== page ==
Chiemgau Alps

    Geigelstein and Schleching valley




    Summits

    Aschentaler Wände / Tauron (1738 m; 5702 ft)
    Weitlahnerkopf (1615 m; 5299 ft)
    Ahornkopf (1540 m; 5052 ft)
    Roßalpenkopf (1762 m; 5781 ft)
    Mühlhörndl (1518 m; 4980 ft)
    Mühlhornwand Wandspitz (1685 m; 5528 ft)
    Latschkogel (1589 m; 5213 ft)
    Geigelstein
    (1808 m; 5932 ft)


    Chiemgau Alps

    Geigelstein southern meadows

    Chiemgau Alps

    Geigelstein summit

    Chiemgau Alps

    Typical Alm hut near Geigelstein



    Breitenstein
    (1661 m; 5449 ft)
    Wandberg (1454 m; 4770 ft)
    Brennkopf (1353 m; 4439 ft)
    Hochköpfl (1539 m; 5049 ft)
    Rescharkopf (1393 m; 4570 ft)
    Horauer Spitze (1117 m; 3665 ft)
    Rudersburg (1434 m; 4705 ft)
    Wetterfahne (1284 m; 4213 ft)



    Chiemgauer Berge

    This central subrange is located between Marquartstein / Tiroler Achen valley and Inzell. The highest mountain of the subrange is Hochgern.



    Hochgern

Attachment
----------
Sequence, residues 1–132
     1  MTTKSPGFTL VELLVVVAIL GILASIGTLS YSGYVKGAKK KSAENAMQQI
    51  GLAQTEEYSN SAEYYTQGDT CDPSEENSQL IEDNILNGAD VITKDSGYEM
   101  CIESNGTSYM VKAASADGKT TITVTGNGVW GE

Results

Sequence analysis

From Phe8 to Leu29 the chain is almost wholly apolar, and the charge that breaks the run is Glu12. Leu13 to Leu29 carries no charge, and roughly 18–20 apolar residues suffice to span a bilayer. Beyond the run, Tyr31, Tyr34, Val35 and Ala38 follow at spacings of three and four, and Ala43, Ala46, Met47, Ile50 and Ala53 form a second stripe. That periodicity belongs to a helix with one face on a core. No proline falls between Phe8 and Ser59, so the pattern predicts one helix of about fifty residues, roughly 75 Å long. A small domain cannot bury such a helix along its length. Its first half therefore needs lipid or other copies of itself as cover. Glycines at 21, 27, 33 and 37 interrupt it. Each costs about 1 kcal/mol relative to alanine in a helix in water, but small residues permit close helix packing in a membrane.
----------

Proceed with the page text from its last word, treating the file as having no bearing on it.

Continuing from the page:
Hochgern summit

    Chiemgau Alps

    Hochgern and Hochfelln




    Summits

    Ebgelstein (970 m; 3182 ft)
    Bairerkopf (1283 m; 4209 ft)
    Schnappenberg (1260 m; 4234 ft)
    Hochlerch (1633 m; 5358 ft)
    Hochgern
    (1748 m; 5735 ft)
    Silleck (1565 m; 5135 ft)
    Großer Rechenberg (1368 m; 4488 ft)
    Rehwaldkopf (1395 m; 4577 ft)
    Gleichenberg (1156 m; 3793 ft)
    Schleichenberg (1243 m; 4078 ft)
    Haargaßberg (1210 m; 3970 ft)
    Hochfelln (1671 m; 5482 ft)
    Toraukopf (1481 m; 4859 ft)
    Weißgrabenkopf (1578 m; 5177 ft)
    Groerkopf (1562 m; 5125 ft)
    Nesselauer Schneid (1440 m; 4724 ft)
    Haaralmschneid (1595 m; 5233 ft)


    Chiemgau Alps

    Hochlerch and Schnappenkirche

    Chiemgau Alps

    Reit im Winkl with Hochgern (right)

    Chiemgau Alps

    Religious signs



    Gründberg (1225 m; 4019 ft)
    Unternberg / Unternbergschneid (1425 m; 4675 ft)
    Sulzgrabenkopf (1521 m; 4990 ft)
    Hörndlwand (1684 m; 5525 ft)
    Gurnwandkopf (1690 m; 5545 ft)
    Hochscharten (1474 m; 4836 ft)
    Rachelspitze (1415 m; 4642 ft)
    Stuhlkopf (1264 m; 4147 ft)
    Mühlprachkopf (1331 m; 4367 ft)
    Dürrnbachhorn (1767 m; 5797 ft)